The Coronavirus which recently infected humans in China is showing all the signs of being a worldwide epidemic, and will likely touch almost every country on the planet. It will quite possibly impact the majority of people either directly or indirectly. It is almost certain that it will also have a jarring effect on the global economy and business.
In fact, businesses in the U.S. are already feeling the blow. The CHICAGO TRIBUNE recently reported that “Chicago businesses are vulnerable as Coronavirus spreads,” and “We’re really going to find out how tied every country in the world is to China.”
The article points out that:
The U.S. economy has weathered overseas events in the past, including the SARS outbreak in 2002 and 2003, but China’s economy has grown significantly since then. Illinois firms that source products from China’s factories or depend on sales to its consumers are keeping a close eye on the virus’ spread.
“We’re really going to find out how tied every company in the world is to China,” said James Green, director of risk advisory services for Chicago-based risk management firm SAI Global.
Supply chain interruptions are starting already and will get far, far worse before this is over.
Electronic device manufacturer Morey Corp. typically plans several weeks in advance this time of year, since the Chinese factories it uses regularly shut down for the holiday. But Tanveer Khan, the company’s director of strategic sourcing, said he’s concerned about the Woodridge-based company’s bottom line if the delays continue.
“Each week is putting us behind,” he said. “We have enough inventory to last us for four weeks, but thereafter we will be in trouble.”
Mondelez International, maker of Oreos and Chips Ahoy, expects the coronavirus to affect its first-quarter revenue, though it’s too soon to say by how much, CEO Dirk Van de Put said last week during an earnings conference call with analysts. China accounts for $1 billion of Mondelez’s annual revenues, or about 4.5%, he said.
Since 2005, CIC Services has been helping businesses prepare for the unexpected – fortuitous events like pandemic disease, supply chain interruption, catastrophic risks and business interruption, which are often difficult or cost-prohibitive to insure commercially. For years, we have been sharing advice from our Federal Government’s disaster preparedness website – Ready.Gov.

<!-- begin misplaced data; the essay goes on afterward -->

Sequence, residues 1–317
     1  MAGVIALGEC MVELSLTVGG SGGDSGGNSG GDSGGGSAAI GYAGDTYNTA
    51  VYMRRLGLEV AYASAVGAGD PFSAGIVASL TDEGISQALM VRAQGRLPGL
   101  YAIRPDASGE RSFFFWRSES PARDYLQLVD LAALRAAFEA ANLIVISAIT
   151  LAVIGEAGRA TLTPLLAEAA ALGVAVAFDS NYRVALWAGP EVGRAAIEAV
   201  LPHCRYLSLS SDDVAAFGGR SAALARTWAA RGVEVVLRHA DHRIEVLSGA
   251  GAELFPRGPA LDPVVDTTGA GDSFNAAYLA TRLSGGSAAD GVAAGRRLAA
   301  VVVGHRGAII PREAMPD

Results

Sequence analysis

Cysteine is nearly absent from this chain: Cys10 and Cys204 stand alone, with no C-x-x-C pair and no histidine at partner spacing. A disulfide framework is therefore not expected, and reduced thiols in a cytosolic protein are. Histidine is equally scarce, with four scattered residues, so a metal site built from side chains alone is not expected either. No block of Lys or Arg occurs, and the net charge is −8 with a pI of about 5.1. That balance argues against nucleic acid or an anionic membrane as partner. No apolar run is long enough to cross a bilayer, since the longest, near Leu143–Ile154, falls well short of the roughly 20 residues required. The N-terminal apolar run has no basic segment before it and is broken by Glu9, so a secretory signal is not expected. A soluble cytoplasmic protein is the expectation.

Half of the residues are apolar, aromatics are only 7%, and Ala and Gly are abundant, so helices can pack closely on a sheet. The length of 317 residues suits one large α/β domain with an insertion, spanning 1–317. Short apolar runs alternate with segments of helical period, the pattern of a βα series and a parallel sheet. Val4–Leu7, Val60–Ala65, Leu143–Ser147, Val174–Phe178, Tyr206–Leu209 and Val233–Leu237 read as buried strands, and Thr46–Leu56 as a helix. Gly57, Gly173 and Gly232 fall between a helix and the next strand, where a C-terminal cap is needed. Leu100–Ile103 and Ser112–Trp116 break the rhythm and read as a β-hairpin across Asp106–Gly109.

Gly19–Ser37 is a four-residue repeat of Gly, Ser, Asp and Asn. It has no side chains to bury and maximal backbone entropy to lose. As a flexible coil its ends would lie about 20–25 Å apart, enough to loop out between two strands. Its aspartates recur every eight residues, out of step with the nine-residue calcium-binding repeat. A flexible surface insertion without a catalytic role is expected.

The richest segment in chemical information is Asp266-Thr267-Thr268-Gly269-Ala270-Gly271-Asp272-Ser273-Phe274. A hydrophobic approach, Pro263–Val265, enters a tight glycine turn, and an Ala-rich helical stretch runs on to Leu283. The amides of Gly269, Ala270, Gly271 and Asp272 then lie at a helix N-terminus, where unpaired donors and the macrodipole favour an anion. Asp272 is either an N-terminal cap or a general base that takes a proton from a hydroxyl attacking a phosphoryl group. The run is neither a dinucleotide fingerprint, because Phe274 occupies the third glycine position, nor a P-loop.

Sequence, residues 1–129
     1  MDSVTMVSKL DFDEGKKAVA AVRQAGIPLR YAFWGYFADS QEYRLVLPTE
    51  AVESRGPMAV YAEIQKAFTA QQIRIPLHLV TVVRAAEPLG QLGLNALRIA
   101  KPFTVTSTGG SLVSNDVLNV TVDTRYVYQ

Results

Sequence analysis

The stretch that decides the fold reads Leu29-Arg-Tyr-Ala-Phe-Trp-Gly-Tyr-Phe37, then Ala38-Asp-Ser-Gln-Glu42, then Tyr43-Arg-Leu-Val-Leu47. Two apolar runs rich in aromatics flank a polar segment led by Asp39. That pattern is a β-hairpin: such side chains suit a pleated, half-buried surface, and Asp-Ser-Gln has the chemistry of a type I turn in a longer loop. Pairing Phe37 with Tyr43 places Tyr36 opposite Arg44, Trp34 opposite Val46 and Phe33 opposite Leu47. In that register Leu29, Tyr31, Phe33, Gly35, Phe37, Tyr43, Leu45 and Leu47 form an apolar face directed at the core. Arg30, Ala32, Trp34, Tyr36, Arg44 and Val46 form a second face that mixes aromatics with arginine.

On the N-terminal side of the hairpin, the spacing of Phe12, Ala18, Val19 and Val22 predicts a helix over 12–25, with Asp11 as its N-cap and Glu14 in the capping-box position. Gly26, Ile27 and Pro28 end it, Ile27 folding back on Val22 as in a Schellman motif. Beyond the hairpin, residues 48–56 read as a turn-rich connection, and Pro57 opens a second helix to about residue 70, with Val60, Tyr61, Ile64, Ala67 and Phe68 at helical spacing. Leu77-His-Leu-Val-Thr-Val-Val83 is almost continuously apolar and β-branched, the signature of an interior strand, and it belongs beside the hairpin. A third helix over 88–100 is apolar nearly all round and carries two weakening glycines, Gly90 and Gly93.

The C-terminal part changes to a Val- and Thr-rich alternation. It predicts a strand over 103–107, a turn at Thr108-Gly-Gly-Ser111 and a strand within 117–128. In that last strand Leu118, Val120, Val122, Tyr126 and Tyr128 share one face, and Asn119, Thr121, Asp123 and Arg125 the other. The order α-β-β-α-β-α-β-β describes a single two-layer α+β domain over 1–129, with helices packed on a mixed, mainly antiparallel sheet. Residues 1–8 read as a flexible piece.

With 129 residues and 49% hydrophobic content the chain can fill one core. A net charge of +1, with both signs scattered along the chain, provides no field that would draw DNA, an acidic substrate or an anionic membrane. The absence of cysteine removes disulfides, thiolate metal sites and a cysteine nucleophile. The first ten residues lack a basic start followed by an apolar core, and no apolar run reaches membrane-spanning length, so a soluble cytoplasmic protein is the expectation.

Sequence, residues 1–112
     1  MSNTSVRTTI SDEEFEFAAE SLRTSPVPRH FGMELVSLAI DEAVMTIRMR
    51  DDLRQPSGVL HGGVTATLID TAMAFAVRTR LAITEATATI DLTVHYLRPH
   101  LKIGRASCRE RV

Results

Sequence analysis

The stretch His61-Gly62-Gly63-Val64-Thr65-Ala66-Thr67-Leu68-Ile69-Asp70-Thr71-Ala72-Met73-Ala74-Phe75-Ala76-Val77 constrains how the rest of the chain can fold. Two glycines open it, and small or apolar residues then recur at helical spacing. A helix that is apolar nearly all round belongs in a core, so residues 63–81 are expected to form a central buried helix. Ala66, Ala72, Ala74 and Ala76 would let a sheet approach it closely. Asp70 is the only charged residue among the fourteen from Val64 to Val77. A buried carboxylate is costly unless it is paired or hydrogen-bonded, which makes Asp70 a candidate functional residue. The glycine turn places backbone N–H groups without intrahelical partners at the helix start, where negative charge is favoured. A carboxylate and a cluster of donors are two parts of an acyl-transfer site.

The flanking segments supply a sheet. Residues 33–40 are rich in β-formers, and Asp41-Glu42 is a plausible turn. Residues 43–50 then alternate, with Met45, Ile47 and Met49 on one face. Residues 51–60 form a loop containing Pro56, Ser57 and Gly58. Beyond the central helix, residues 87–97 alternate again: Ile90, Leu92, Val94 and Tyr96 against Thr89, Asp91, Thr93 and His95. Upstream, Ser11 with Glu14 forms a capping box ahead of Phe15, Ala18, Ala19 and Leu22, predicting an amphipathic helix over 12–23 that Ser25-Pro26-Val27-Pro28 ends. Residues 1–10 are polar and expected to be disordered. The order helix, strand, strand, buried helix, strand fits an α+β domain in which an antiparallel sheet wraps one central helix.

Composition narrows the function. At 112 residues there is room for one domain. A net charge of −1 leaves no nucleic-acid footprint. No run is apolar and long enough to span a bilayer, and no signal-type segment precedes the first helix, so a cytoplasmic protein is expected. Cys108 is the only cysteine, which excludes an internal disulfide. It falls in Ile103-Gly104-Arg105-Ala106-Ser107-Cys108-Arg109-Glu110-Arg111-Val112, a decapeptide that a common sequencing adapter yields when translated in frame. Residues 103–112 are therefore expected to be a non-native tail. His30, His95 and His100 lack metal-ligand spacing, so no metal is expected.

Ready.Gov has specific guidance for small and mid-market businesses, summarized in the table below.
Notice that Ready.Gov encourages business owners to be prepared for a wide range of threats, including pandemic disease, terrorism, supply chain interruption, and business interruption. In light of the recent spread of the Coronavirus, the inclusion of pandemic disease on Ready.Gov’s list is quite prescient.
In addition to developing contingency plans for all of the threats listed by Ready.Gov, businesses can insure against many of these risks. However, commercial insurance for these types of asymmetrical threats can be extremely costly or difficult to obtain. And in many cases, coverage is simply unavailable.
For these reasons, captive insurance is often one of the best approaches for mid-market and small companies to prepare for the unexpected and not only manage a crisis but potentially even thrive in a crisis. Captive insurance is simply a choice to own your own insurance company. Captives are licensed insurance companies and are able to gain access to reinsurance pools or the reinsurance markets to provide a backstop for risks they insure. A captive is a form of self-insurance that enables businesses to participate in a portion of their own risk. Businesses buy insurance from their captive and are able to retain the profits accumulated in their captive. Captives also receive favorable tax treatment – just like commercial insurance companies – to help them accumulate loss reserves. Captive loss reserves not paid out in claims or expenses accumulate from year to year. This accumulation of loss reserves can pay claims to the business in the event of an insured loss and provide a powerful defense against the unexpected, including the impact from pandemic disease, supply chain interruption and business interruption – which appears to be looming in the shadow of the bad news coming out of China these days.